Titan Enterprises first radial flow turbine flow meter was introduced in 1981. Derivatives of this meter are still in production and being used for a wide range of applications.

Turbine Flowmeters: Axial flow and Radial Flow (Pelton Wheel) flowmeters

Axial Turbine Flowmeters

The two main types of low flow turbine flowmeter types are known as axial and radial flow (Pelton wheel) flowmeters. As the name suggests – in an axial turbine flowmeter the construction is axial and they contain a propeller mounted on a bearing that is central to the tube. The propeller blades are angled so that the passing flow imparts a rotation into the turbine. The rotation is linear to the fluid velocity.

Radial Turbine Flowmeters

Pelton wheel (radial flow) flow meters use a turbine with broad flat blades. The flow is directed at the flat face of the turbine, offset from the centre line, and the spindle is at ninety degrees to the flow. See diagram below.

Radial Flow Turbine Flowmeter Illustration

Radial Flow Turbine Flowmeter

Turbine Flow meters & Reynolds Number Sensitivity

Axial flow meters are Reynolds number sensitive and usually require fluid velocities in the turbulent region, therefore any changes in fluid density and viscosity will result in measurement inaccuracies. While Pelton wheel radial flow meters are also Reynolds number sensitive the change in geometry from axial to radial flow permits designers to make changes to account for viscosity changes.

Axial Turbine Flowmeter Clearance

Axial turbine flow meters must have a fairly tight clearance with the outer edge of the turbine as the annulus around the periphery of the metering tube accounts for a large proportion of the fluid flow. On a 12mm diameter propeller a 1mm clearance would account for some 16% of the metering area and so lost measurement volume.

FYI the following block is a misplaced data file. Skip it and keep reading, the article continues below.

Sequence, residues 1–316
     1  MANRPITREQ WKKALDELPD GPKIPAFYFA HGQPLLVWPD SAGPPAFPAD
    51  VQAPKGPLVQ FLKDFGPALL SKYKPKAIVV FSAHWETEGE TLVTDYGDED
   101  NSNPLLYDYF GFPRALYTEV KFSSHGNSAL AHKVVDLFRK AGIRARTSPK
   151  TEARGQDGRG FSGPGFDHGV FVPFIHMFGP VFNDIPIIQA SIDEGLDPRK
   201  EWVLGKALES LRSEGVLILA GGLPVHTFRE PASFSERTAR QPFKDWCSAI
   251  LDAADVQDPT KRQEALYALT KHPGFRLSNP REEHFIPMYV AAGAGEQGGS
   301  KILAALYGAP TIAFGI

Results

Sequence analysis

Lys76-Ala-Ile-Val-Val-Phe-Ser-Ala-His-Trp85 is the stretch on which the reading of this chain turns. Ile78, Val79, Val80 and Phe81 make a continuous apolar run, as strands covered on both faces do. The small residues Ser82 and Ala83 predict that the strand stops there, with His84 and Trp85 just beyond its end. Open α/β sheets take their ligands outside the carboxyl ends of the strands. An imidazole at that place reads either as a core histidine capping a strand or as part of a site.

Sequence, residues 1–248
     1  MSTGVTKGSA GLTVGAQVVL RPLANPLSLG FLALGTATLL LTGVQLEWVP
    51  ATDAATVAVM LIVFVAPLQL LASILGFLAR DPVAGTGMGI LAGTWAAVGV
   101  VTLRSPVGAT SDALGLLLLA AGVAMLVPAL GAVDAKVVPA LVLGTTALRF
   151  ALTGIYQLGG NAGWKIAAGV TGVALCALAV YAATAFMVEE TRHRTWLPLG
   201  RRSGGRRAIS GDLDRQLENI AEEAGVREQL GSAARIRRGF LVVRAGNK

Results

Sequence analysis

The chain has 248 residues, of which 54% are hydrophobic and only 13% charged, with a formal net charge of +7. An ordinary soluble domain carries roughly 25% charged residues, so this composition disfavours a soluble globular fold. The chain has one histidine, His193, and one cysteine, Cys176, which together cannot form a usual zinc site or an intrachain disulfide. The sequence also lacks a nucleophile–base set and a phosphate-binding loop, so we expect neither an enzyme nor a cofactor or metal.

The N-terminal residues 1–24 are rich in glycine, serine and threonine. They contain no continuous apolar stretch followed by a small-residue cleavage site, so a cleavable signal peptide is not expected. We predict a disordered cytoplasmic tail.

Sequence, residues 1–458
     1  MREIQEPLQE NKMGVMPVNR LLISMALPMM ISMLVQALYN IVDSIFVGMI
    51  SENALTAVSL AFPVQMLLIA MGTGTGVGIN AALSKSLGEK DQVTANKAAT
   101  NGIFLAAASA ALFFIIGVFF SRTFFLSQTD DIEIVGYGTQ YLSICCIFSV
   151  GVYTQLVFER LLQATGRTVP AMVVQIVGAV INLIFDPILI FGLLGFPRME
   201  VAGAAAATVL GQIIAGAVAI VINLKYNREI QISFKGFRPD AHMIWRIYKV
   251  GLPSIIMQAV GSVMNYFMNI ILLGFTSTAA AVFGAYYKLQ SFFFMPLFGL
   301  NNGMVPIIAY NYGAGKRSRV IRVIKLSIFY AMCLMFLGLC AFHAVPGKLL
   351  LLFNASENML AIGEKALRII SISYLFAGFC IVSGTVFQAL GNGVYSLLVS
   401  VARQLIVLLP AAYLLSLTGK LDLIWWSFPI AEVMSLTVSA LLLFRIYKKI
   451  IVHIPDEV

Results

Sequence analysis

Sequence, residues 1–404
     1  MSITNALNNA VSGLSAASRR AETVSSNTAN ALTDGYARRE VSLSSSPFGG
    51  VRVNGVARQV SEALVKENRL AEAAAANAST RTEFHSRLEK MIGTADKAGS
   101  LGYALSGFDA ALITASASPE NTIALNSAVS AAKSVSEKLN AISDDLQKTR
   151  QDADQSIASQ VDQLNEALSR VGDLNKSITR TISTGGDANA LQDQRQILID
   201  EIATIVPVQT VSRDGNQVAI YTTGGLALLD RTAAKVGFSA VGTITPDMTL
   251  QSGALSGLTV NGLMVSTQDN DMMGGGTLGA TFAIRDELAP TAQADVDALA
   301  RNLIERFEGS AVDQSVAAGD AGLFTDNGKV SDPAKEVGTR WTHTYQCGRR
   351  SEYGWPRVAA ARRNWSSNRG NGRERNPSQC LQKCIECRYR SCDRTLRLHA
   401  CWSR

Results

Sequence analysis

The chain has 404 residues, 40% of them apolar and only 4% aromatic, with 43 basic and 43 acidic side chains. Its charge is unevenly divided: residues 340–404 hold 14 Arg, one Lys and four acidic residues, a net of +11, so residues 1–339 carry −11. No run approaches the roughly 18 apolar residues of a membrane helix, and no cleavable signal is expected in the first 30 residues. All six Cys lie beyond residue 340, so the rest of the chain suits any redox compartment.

Titan Pelton Wheel Flowmeters

With Titan Enterprises Pelton wheel radial flow meters the high velocity inlet liquid stream strikes the “plain” blade face on entering the flow chamber. In this case a 1mm clearance around the turbine reduces the viscous drag on the turbine so that most of the energy is imparted in rotating the turbine. Secondly when the Reynolds number of the metered liquid is smaller, the shape of the chamber is used to generate secondary vortices which act like a fluidic roller bearing – reducing the viscous drag. These meters are still sensitive to changes in viscosity but not as much as their axial counterparts.

Turbine Flowmeter Bearings

The bearings in any turbine flow meter are critical for long term performance. On a miniature axial turbine the applied torque on the rotor is much smaller than with it’s radial flow counterpart. In radial flow turbines there is a lot of energy so the bearings must be robust. Because the available energy is large with radial turbine meters a certain amount of degradation can take place before there is any discernible change in meter performance is seen and this can take very many years of continuous use. The same cannot be said for the miniature axial turbine meters where performance typically degrades faster.